The White House Initiative on Asian American and Pacific Islanders has issued a summary of federal department and agency plans to achieve the Initiative’s goal, “to improve the quality of life and opportunities for Asian Americans and Pacific Islanders through increased access to, and participation in, federal programs in which they may be underserved.”  The Initiative also seeks “to advance relevant evidence-based research, data collection, and analysis for Asian American and Pacific Islander populations and subpopulations.”   The report was presented by the White House Commission on Asian Americans and Pacific Islanders to President Barack Obama in March 2011.

The following are the priority program goals from the Department of Health and Human Services (HHS):

Goal 1. Prevent, treat and control Hepatitis B Viral (HBV) infections in Asian American and Pacific Islander (AAPI )communities.

An estimated 3.5-5.3 million persons are living with viral hepatitis in the United States. Most that are infected remain unaware of their infection and therefore, do not receive care and treatment. About 1.25 million Americans are chronically infected with HBV, and AAPIs represent nearly half of these chronic HBV-infected persons in the U.S. If not treated, 15%-40% of persons living with viral hepatitis will develop liver cirrhosis or experience other conditions that affect the liver, including liver cancer. HHS convened a Viral Hepatitis Interagency Working Group that developed “Hepatitis and Liver Cancer: HHS Action Plan for Prevention and Treatment of Viral Hepatitis, 2011.” The action plan will improve national coordination and collaboration for treatment, prevention and control of viral hepatitis, particularly HBV infections.

Goal 2: Improve data collection in AAPI communities.

The 2009 Institute of Medicine (IOM) report, “Race, Ethnicity, and Language Data: Standardization for Health Care Quality Improvement,” recommends that in addition to the standard Office of Management and Budget classifications on race and ethnicity, more granular race/ethnicity information be collected to distinguish variations in health outcomes among different racial and ethnic subpopulation groups. Detailed data is a fundamental step in identifying which populations are most at risk and what specific interventions are most effective in attaining improved health care quality for specific populations.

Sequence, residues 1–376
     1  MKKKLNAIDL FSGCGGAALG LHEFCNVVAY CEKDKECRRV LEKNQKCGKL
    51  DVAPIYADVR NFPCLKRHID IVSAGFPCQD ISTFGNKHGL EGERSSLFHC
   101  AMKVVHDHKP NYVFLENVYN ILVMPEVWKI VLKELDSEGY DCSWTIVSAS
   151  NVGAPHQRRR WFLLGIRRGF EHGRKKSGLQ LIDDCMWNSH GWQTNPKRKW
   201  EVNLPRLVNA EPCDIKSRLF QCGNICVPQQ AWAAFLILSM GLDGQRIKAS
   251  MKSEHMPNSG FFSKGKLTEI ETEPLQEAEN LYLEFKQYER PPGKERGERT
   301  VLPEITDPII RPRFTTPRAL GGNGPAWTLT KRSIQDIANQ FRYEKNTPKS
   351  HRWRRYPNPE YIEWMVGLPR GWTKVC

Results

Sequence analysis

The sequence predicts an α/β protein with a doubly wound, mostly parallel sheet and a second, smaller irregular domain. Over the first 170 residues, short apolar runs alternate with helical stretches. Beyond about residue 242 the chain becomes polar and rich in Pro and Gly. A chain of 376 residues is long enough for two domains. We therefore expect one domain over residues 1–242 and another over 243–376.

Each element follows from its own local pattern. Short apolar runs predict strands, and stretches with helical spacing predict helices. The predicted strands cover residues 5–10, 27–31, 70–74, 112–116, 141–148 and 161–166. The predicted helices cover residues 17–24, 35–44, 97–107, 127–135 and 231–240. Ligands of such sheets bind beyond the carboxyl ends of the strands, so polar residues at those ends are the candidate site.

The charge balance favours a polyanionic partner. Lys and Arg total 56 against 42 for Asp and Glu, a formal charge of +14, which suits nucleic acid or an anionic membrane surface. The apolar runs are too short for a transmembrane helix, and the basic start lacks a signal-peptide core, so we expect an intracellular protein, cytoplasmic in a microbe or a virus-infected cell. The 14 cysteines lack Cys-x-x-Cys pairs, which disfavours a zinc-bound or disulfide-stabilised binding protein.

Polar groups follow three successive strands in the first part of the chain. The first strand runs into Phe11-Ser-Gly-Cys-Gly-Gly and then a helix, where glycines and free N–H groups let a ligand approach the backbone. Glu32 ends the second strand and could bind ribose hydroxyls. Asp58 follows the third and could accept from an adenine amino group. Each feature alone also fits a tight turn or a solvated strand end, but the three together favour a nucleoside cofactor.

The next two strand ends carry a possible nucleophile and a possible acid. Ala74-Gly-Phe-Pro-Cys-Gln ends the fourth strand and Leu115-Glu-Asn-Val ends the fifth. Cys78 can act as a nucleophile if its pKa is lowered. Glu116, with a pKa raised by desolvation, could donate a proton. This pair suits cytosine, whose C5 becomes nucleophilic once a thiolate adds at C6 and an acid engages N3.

Goal 3: Increase AAPI health care workforce.

The 2004 IOM report titled “In the Nation’s Compelling Interest: Ensuring Diversity in the Health Care Workforce,” recommends the need to increase diversity in the health professions in the U.S. because of the rapid demographic changes with increase in non-white populations and those with limited English proficiency. The IOM reports that the new underrepresented minorities in the health professions include subpopulations of AAPIs. The 2010 Association of American Medical Colleges Diversity in Physician Workforce report indicates that 12.8% are Asian Americans and only 0.5% are American Indians/Alaskan Natives (AI/AN).  Native Hawaiian and Pacific Islander (NHPI) physicians are included in the AI/AN category. Data from various studies document that AAPI patients confront cultural and linguistic barriers in health care, resulting in worsening clinical outcomes. HHS will support increasing the pipeline of Asian American, Native Hawaiian and Pacific Islander (AANHPI) health professionals.

Goal 4: Improve health conditions and access to health care services by Native Hawaiians and Pacific Islanders (NHPI).

The NHPI health insurance coverage rate is lower than most other racial and ethnic groups in the U.S. In 2008, one in four NHPIs under 65 years of age was uninsured. Diabetes, cancer, cardiovascular diseases hypertension and infant mortality are major health issues among NHPIs. NHPI adults and adolescents have disproportionately high levels of mental health problems. According to the 2007 Youth Risk Behavior Survey, about a quarter of NHPI adolescents had attempted suicide. These health problems are compounded by obesity, lack of healthy lifestyles, lack of extended family support systems, and lack of culturally competent health professionals. The Plan addresses the main health issues that impact NHPIs.

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